> Bipartisan yearning: Biden allies on Capitol Hill, led by Sen. Chris CoonsChris Andrew CoonsBiden to go one-on-one with Manchin US, Iran signal possible breakthroughs in nuke talks How the United States can pass Civics 101 MORE (D-Del.), would prefer to see Congress pass a jobs and infrastructure blueprint with a bipartisan vote tally before shifting towards work on a $3 trillion bill that Democratic leaders will move under special budgetary rules, likely sans any GOP backing.

 

White House advisers said earlier in the week that they are considering breaking up the $3 trillion infrastructure package in two pieces (The Hill). One would include traditional infrastructure projects, aimed at snagging the support of Republican senators. The other would address climate change and other liberal pet projects that are highly unlikely to garner bipartisan votes. 

 

Coons, among the chief conduits on Capitol Hill for the administration, believes the window for passing a big-ticket bipartisan legislative item is evaporating as Biden’s main selling point to GOP voters was that he would reach across the aisle. After picking off no Republican votes for the stimulus package, winning some support would help alleviate concerns that he’d violate a top campaign pledge. 

 

Scott Wong, The Hill: Conservative group escalates earmarks war by infiltrating trainings.

 

> Filibuster fun: Senate Democrats are plotting a series of tests as they try to put Republicans on the spot over the legislative filibuster and sway their colleagues to get rid of it. 

 

As The Hill’s Jordain Carney writes, Schumer says he will put on the floor several major policy bills that are expected to win unanimous or near-unanimous Democratic support this year, a strategy that has two objectives. They would put Senate Republicans on the record in opposition and attempt to sway Senate Democratic Conference members wary of jettisoning the 60-vote threshold that much of the party’s agenda will end up in the Senate graveyard without doing away with the blockade.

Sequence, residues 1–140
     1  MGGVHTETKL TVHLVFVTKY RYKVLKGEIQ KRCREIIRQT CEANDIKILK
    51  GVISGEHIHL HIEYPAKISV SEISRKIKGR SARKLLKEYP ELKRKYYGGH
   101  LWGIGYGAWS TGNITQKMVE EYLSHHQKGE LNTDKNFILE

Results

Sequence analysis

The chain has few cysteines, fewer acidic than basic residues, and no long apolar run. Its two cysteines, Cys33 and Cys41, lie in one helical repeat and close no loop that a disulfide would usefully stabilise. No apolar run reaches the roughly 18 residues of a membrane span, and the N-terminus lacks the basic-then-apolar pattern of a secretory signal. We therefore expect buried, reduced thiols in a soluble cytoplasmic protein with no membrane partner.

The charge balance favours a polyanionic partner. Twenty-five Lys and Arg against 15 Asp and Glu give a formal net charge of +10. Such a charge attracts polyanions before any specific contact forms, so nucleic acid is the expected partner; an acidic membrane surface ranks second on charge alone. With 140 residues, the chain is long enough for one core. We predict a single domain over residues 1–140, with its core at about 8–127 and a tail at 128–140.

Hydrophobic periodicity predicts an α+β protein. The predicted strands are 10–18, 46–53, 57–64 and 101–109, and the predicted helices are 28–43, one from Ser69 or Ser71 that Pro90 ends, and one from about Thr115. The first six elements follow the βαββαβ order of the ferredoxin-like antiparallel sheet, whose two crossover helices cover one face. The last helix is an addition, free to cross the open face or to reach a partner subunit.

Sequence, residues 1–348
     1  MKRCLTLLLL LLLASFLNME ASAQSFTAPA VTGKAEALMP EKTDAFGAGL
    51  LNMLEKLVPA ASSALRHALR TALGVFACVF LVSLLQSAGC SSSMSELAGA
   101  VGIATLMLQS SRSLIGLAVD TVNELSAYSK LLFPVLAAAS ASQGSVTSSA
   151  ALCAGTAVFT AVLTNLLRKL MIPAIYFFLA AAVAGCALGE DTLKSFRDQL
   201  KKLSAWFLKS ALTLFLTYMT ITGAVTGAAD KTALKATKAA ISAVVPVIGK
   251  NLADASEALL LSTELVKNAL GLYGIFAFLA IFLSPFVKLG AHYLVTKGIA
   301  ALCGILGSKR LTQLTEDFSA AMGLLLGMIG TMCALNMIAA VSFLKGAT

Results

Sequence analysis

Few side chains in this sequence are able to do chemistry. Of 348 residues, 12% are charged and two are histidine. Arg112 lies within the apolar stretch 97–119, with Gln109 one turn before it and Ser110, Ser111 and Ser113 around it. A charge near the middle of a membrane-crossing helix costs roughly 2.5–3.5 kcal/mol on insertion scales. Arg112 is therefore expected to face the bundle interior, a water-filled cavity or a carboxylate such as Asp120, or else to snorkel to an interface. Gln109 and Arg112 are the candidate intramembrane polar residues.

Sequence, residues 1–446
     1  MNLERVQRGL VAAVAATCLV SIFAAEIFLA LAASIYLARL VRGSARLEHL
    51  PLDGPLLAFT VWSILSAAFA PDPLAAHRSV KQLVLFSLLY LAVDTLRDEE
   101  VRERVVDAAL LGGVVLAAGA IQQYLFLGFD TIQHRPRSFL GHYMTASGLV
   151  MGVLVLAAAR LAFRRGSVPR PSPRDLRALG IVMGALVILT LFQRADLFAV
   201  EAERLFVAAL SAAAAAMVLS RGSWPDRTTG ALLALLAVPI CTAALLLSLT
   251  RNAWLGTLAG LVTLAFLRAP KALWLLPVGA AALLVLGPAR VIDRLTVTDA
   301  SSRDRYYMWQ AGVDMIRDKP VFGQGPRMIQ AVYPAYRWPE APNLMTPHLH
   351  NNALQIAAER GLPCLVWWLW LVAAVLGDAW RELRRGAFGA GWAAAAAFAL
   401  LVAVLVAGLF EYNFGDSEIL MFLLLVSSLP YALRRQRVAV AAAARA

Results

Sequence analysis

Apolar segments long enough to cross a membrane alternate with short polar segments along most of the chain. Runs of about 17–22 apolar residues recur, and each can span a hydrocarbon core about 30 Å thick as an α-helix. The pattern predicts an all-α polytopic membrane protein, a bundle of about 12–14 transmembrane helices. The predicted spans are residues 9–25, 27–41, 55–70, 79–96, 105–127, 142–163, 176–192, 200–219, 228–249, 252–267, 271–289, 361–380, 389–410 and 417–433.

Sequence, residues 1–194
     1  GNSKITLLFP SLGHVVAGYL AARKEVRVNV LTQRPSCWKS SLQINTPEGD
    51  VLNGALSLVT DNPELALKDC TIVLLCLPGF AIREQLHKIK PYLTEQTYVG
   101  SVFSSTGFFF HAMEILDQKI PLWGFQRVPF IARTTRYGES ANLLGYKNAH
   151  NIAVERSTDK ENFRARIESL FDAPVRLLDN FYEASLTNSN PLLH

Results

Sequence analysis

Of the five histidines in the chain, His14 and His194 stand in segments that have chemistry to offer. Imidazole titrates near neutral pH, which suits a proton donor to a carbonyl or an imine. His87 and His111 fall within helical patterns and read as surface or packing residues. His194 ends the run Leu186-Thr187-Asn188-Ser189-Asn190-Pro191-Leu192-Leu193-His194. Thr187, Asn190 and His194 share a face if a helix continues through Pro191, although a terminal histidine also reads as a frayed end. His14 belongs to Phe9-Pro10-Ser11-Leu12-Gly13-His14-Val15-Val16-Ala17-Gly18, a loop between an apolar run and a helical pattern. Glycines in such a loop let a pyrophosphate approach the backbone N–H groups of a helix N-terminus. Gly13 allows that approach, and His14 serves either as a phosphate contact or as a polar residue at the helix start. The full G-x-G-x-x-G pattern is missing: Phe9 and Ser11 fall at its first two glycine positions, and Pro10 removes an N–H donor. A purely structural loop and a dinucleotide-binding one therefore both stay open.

The Morning Report is created by journalists Alexis Simendinger and Al Weaver. We want to hear from you! Email: asimendinger@thehill.com and aweaver@thehill.com. We invite you to share The Hill’s reporting and newsletters, and encourage others to SUBSCRIBE! 



OPINION

Chaos at the border was predictable. So why wasn’t Biden prepared? By Karen Tumulty, columnist, The Washington Post. https://wapo.st/3cdr5fy 

 

Should you take the shot or should you wait? By Marc Siegel, opinion contributor, The Hill. https://bit.ly/3w2iVP9 



WHERE AND WHEN

The House meets on Friday at 2 p.m. for a pro forma session. 

 

The Senate convenes at 10:30 a.m. and resumes consideration of Rachel LevineRachel LevineBiden administration loosens restrictions on meds for opioid use disorder amid rise in deaths Overnight Health Care: All adults in US now eligible for COVID-19 vaccine | White House launches media blitz to promote vaccines White House launches media effort to promote coronavirus vaccines MORE to be an assistant secretary of Health and Human Services, and David Turk to be deputy secretary of Energy.

 

The president and the vice president receive the President’s Daily Brief at 10 a.m. and will have lunch together at 12:30 p.m. Biden and Harris will meet with Health and Human Services Secretary Xavier BecerraXavier BecerraMcDonald's teams up with HHS on pro-vaccination campaign Overnight Health Care: FDA authorizes Pfizer vaccine for adolescents | Biden administration reverses limits on LGBTQ health protections The Hill's 12:30 Report - Presented by Facebook - Biden reverses Trump limits on transgender protections MORE, Homeland Security Secretary Alejandro MayorkasAlejandro MayorkasImmigration experts say GOP senators questioned DHS secretary with misleading chart Carper urges Biden to nominate ambassadors amid influx at border Colonial Pipeline says it has restored full service MORE and immigration advisers at 2 p.m. Biden hosts an event with first lady Jill BidenJill BidenJill Biden, Jennifer Garner go mask-free on vaccine-promoting West Virginia trip Masks shed at White House; McConnell: 'Free at last' First Latina since 2005 wins Teacher of the Year award MORE  to mark Equal Pay Day at 4:15 p.m.